With regards to UUV control, the DOF denotes the number of independently variable kinematic and positional states that can be directly changed by the vehicle using its propulsion systems and control surfaces. The maximum amount of kinematic DOF in three-dimensional space is six; three DOF for translation on the three horizontal and vertical directional axes, and three DOF for rotation about those axes. A seventh addition to the DOF, time response, may be considered in fourth-dimensional space, but it is easiest to distinguish different designs by their directional motion capabilities rather than by more complicated concepts. When concerned with the maneuvering capabilities of a UUV, the DOF of its design will indicate whether it is applicable to the mission. The UUV’s DOF is related to its design configuration, but certain categories of design configuration can have varying levels of DOF. The design configuration of a UUV is the general description of the types, numbers, & positions of the vehicle’s buoyant elements, propulsion systems, pressure & hydrodynamic hulls, control surfaces, and structural members. Common categories of design configuration include Underwater Gliders, Torpedo-type UUVs, Amphibious Unmanned Aerial/Underwater Vehicles (UUV/UAVs), Open Space Frames, and Underwater Rovers. Below are brief descriptions of each type and its associated properties. Some designs are a combination of these types, and this list is not all-encompassing.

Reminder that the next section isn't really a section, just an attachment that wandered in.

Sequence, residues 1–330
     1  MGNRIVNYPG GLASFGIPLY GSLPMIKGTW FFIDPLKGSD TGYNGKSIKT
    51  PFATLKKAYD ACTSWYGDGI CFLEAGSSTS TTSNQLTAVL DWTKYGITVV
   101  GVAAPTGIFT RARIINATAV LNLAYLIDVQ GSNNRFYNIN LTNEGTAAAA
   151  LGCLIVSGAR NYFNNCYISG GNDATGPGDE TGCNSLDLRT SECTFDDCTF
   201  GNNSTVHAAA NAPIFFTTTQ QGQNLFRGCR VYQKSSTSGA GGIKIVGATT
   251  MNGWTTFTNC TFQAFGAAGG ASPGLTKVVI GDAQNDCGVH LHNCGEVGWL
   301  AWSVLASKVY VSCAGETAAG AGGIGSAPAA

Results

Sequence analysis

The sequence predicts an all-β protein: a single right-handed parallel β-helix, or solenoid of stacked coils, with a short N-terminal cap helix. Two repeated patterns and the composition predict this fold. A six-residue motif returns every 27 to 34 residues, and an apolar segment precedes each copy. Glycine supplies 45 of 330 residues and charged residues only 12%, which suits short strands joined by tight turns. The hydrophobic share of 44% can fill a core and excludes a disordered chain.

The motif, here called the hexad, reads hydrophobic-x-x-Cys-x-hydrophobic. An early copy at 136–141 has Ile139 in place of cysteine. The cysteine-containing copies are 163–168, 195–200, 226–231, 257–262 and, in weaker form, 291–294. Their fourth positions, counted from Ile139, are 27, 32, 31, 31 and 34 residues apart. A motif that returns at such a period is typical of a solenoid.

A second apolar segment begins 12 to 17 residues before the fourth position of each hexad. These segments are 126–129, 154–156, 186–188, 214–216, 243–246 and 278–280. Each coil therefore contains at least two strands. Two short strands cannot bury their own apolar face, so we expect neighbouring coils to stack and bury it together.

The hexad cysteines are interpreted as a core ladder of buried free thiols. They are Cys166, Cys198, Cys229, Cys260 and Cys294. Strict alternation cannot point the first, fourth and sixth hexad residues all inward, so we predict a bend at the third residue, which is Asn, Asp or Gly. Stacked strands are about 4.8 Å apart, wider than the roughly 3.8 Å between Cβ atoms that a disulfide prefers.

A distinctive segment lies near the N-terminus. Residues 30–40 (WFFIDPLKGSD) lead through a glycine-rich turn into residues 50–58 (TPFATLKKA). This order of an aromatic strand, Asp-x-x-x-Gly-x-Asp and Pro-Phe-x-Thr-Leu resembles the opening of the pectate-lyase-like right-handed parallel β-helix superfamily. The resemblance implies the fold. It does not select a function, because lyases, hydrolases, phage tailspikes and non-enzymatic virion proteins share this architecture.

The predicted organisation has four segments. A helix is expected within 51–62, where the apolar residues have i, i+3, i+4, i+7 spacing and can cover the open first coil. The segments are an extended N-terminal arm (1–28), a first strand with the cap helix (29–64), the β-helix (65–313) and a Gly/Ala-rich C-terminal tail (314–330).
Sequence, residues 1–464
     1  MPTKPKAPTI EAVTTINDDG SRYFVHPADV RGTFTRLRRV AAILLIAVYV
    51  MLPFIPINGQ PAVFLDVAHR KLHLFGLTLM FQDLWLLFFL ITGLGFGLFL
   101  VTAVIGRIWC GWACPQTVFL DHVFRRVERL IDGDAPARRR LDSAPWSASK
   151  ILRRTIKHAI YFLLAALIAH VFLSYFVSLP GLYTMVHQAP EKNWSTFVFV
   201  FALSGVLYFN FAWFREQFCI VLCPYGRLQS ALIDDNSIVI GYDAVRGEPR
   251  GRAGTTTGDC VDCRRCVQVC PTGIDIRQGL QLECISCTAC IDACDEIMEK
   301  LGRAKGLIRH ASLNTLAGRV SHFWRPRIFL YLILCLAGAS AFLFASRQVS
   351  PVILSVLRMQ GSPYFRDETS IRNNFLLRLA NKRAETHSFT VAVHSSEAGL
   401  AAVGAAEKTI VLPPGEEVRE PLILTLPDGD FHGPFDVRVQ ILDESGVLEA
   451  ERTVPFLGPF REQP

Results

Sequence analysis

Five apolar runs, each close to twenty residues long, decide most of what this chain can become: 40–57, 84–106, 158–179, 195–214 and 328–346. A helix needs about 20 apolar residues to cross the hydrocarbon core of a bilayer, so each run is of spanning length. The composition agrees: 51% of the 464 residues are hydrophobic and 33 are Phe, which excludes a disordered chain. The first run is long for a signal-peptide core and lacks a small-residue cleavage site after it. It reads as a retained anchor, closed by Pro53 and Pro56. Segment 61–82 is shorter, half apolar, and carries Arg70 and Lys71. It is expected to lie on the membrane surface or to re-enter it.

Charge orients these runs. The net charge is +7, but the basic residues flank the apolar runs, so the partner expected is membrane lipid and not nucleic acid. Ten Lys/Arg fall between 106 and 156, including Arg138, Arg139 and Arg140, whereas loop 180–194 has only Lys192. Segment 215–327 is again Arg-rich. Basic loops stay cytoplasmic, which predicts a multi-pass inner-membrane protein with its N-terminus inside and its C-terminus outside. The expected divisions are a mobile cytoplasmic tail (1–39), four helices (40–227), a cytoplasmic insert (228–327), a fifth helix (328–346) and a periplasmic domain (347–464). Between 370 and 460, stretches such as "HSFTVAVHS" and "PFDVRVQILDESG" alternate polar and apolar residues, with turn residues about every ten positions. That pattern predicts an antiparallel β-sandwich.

Underwater Gliders utilize changes in buoyancy and hydrodynamic lift to generate motion. By altering their buoyancy, they alternate between diving and surfacing. When combined with a hydrofoil, this vertical motion produces lift and results in a forward gliding motion. Common buoyancy engines—devices to change the vehicle’s mass, volume, or both—are ballast tanks, compressible bladders, or devices that use changes in water temperature to melt “phase-change” materials that expand & contract, doing work to power ballast systems (Buis). They have few moving parts, are capable of extreme endurance, and are relatively cheap. Most Underwater Gliders are AUVs, and typically have two to three DOF—Pitch, diving, and yaw or roll (depending on mechanism). The disadvantages of this configuration are its low speed, inability to hold a constant depth or station-keep (maintain position relative to another object), and difficulty operating in shallow waters.